Producer Ash Hasen Makes History an ‘Engaging Experience’
Producer Ash Hasen Makes History an ‘Engaging Experience’July 16, 2017
In this series, WeWork’s director of digital community selects a WeWork member to get to know better, sharing her fun findings with the rest of the community.
We’ve all seen those amazing Egyptian historical documentaries on BBC, National Geographic, PBS, and elsewhere. But who shoots them? Ash Hasen’s production company Blue Pyramid. Read on to learn all about the Los Angeles-based WeWork member’s passion for history, travel tips, and the most unique locations he’s ever visited.
What inspired you to start Blue Pyramid?
It was in San Francisco while working on my thesis project and collaborating with this brilliant composer and sound designer in London, and later coordinating almost effortlessly in visual effects work worldwide.
Blue Pyramid International is basically a global production company now based out of Hollywood, California with an established sister company in London and most recently in Dubai, where we plan to have it as our Middle East and North Africa hub following Reunion’s worldwide premiere at the upcoming Dubai film festival.
Behind Blue Pyramid is a simple concept that has been our approach to every single project since its inception. We’re always trying to tell the best stories utilizing the rapidly evolving technologies and avant-garde trends, while still being rooted in classic cinematic techniques. Our logo and name reflects our ideology and production approach to best fit each project. This unique marketing positioning (especially recently) has taken us to the most unusual locations, like Doha, or being in the midst of the Egyptian revolution in Tahrir Square.
Has history been a lifelong passion for you?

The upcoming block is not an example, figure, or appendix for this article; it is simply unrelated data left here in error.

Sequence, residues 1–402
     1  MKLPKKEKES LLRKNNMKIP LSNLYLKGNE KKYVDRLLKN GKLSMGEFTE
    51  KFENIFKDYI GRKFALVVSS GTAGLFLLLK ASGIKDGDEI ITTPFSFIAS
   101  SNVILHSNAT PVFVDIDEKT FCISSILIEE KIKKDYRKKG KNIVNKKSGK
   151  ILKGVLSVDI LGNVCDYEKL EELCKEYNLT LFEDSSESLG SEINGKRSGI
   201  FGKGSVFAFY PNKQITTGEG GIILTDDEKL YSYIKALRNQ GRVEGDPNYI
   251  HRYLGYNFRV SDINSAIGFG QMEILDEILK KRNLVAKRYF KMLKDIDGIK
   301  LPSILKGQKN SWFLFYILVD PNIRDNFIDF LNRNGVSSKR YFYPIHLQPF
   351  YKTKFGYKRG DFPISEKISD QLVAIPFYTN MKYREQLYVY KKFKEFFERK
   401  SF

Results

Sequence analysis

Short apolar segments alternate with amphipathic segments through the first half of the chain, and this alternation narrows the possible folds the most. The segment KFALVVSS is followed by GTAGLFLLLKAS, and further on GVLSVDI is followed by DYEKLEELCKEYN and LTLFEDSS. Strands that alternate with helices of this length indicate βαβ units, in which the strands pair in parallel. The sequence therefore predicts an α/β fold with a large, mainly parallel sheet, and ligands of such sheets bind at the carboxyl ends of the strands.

Nothing is more dramatic than past historical events, regardless of how it is recited as dramatic stories or by the artifacts and clues interpreted by our modern experts today. The quest to find the real truth about what really happened is usually a thrilling journey rewarded by finding the closest version of the truth, but the ultimate challenge is to make that version the most engaging experience for our audience. The characters of these stories or historical accounts are really what fascinate me the most.
One of my favorite characters in history is Alexander the Great. Before facing the mighty Persian army, he traveled south to Egypt across the Mediterranean Sea and thousands of miles through the harsh Sahara desert, only to see the oracle of Amun in Siwa Oasis, where he was finally crowned as a Pharaoh and then hailed by the Egyptians as a liberator. Now as a half God with a small army, he defeated the mighty Persian army and eventually conquered the whole known world then. On the History Channel show Chasing Mummies, we investigated three possible locations for his hidden burial site in Alexandria, Egypt. I hope to prove where it is now and the whole story behind this shrouded mystery.
History, as a study of the past, should give insights to future events. The ancients left clues of their wisdom for future generations. History is not just entertaining narratives, but clues from the ancients who walked this earth before us.
What are some of the most unique locations you’ve had the chance to see during one of your productions?
Without a doubt, witnessing the discovery of The Valley of the Golden Mummies in Bahariya Oasis was really exciting, but also the eeriest burial site I’ve ever been admitted into. I can never forget going inside tomb 56—which was just unsealed days ago—to film for the first time ever. I know that I’ll be back to Bahariya Oasis hoping to make sense of this monumental and purely accidental discovery with an initial estimation of 10,000 Greco-Roman golden mummies. The questions still remain: What really happened there? What Greek dynasty would mummify their dead? Could this be the lost royal dynasty escaping the mighty Roman army after Cleopatra and Mark Antony’s naval battle defeat?
Do you have any travel tips for our readers?
Traveling light is always liberating. Plan ahead, but always be flexible and inquisitive, and being genuine is key to non-verbal communication. Learning a word or two is always appreciated in any culture. Read as much as you can on your destination—their cultural norms, but most importantly their history.